"I think you have the best official secrets act of all," quips Jackson. "You simply pour it all out. No one could possibly keep up with it."
On the other hand, no self-respecting member of the foreign press would rely on it entirely. Jackson pursued his own investigation in interpreting the DC-10 crisis to his readers because he felt coverage by the major media here was inadequate. Mekjan says that it's impossible for her to go out and dig up everything she needs to use herself, but tries to stake out stories that others haven't done -- she recently visited Washington state for a story on nuclear wastes there. In-depth projects are difficult, adds Mekjan, because as a news organization's main eyes and ears here, "you're really pressed by routine coverage."
On issues relating to their home countries members of the foreign press corps often squeak past their American colleagues, thanks to strong ties with, and sometimes preferential treatment from, their home embassies.
"We're generally ahead of the American press on political issues relating to the Middle East," says Wolf Blitzer of the Jerusalem Post and Al Hamishmar of Tel Aviv, one of the handful of American Journalist who works here for foreign publications.
Ahmed Nasr Said, a yound correspondent for Rose El Youssef , the "Time magazine of Egypt," isn't inclined to dispute Blitzer's claim. While he denies getting much help from the Egyptian delegation at the Camp David talks -- despite, the playfully observes, his nt inconsequential degree of fame among yound politically sophisticated Egyptians -- he noted that the Israeli journalists had "an open line" to their delegation.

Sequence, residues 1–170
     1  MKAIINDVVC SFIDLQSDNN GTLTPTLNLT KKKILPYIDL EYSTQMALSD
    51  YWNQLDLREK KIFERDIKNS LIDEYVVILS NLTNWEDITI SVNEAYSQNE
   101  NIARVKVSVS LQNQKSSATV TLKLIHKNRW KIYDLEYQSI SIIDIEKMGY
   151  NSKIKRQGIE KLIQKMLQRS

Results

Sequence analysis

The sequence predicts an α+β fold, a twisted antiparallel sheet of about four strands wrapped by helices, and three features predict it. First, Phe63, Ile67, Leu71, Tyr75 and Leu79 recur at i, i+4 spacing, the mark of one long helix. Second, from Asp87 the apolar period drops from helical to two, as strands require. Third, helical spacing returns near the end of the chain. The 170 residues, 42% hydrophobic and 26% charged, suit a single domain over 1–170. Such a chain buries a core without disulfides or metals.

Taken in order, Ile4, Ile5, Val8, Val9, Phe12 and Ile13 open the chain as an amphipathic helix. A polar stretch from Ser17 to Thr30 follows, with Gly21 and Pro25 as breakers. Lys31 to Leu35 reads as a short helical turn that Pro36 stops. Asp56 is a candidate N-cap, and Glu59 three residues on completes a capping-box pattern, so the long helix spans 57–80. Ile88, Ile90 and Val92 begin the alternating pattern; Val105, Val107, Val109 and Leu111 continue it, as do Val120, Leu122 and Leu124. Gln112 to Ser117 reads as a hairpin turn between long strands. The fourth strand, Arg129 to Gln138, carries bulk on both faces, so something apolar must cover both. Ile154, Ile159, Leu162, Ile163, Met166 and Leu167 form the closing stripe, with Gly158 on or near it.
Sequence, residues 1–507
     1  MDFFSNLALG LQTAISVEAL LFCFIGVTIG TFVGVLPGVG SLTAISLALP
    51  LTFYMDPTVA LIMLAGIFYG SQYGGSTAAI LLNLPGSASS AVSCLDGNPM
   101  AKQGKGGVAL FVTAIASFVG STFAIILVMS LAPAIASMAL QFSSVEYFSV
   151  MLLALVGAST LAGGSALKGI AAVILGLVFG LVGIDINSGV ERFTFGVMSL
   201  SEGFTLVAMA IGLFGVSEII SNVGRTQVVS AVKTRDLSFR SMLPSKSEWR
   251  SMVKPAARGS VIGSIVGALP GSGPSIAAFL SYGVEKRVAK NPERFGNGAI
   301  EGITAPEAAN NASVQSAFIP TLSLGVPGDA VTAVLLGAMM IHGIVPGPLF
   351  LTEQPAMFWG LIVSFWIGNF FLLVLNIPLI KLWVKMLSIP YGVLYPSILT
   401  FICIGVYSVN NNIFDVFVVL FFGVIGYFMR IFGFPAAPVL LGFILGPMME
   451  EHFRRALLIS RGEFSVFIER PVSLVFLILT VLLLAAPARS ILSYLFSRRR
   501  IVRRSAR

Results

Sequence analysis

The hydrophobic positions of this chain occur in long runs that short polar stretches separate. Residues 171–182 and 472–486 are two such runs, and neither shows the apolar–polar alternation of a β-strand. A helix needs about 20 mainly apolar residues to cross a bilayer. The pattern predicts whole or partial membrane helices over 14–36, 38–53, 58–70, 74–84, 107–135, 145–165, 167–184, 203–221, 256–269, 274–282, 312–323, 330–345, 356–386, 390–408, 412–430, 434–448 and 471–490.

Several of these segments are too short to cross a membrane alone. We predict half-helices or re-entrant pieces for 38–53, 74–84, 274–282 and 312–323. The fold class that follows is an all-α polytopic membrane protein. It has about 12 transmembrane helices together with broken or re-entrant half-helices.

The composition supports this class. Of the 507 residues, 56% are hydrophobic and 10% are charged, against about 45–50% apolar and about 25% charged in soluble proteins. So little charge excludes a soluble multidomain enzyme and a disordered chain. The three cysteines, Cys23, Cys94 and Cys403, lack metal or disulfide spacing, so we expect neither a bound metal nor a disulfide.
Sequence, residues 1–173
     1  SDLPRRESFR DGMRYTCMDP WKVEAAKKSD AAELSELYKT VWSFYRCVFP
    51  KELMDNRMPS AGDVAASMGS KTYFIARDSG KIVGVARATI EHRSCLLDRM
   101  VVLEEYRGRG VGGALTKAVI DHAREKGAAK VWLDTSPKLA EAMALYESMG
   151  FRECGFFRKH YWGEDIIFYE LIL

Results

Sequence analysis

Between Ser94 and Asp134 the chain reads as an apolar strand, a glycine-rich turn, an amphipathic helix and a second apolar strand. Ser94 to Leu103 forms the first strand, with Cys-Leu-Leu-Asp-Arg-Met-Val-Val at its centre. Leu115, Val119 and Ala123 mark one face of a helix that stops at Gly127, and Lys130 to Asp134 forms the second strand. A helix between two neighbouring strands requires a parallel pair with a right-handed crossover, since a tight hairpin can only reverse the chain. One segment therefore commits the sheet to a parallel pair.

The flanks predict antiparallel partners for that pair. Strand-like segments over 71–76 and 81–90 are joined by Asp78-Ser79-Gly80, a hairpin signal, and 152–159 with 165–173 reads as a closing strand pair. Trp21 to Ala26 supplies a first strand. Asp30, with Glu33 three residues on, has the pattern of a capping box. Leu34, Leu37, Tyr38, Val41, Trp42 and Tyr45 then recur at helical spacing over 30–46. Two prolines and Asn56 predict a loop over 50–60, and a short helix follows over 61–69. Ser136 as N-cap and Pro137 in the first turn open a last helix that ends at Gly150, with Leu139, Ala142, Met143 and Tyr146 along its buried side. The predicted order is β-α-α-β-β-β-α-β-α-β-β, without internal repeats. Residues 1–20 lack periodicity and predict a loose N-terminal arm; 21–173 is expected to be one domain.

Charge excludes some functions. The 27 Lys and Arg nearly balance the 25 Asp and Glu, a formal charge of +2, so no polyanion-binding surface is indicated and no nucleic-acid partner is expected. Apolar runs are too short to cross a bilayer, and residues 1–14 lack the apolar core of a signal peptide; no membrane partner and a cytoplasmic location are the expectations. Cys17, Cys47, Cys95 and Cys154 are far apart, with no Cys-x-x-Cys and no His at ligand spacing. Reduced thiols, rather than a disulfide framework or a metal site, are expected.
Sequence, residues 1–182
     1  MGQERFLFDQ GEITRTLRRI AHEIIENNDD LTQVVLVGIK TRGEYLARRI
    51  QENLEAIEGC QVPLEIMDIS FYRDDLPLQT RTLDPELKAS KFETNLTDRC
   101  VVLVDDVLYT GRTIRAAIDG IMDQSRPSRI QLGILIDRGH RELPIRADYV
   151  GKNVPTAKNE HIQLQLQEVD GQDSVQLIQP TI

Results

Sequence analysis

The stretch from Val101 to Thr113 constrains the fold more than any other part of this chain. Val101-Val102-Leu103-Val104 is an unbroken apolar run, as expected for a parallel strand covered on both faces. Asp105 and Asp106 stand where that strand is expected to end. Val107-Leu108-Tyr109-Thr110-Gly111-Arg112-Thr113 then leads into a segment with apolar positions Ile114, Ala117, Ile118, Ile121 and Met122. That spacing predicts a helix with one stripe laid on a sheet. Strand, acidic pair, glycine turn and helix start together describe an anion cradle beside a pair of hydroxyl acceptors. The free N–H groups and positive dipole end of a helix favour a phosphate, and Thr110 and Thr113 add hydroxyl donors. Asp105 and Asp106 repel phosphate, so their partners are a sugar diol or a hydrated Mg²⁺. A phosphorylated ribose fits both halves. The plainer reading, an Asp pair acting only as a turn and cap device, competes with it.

Says Blitzer: "The Israeli Embassy has a reputation for leaking. And the Israeli press here is very competitive."
Open lines to the White House are another matter for foreign correspondents. Mostly there are just lines, and the foreign corresponent is supposed to keep to the back of them.
Medici says that he and his colleagues had a big discussion back in the 60's over whether foreign correspondents should have a chance to ask questions of the president. The consensus was that they should not infringe on the limited time that American reporters have to question the president.
Seating arrangements at Carter press conferences encourage that consensus. Most of the foreign correspondents must peer past American reporters who get the choice seats.
"It's very difficult for someone who sits past the first three rows to get recognized," says Medici. "I know correspondents who have tried it," comments Mekjan. "The american reporters made it clear that this was not the right thing to do."
For a brief time this summer, it looked as though things might change. After Carter's Augest Cabinet firings, and subsequent musings in the foreign press about the stability of the adminstration. Zbigniew Brzezinski and Jody Powell called in a group of foreign correspondents to assure them that the administration would be as strong as ever. As one correspondent remarked with a smile, "It was so good to hear that from the horse's mouth."
Since then, the foreign press has slipped back into the press bleachers. Says Medici: "The Carter adminstration doesn't care about the foreign press the way previous administrations did." Murakami however, thinks access here has to be seen in perspective: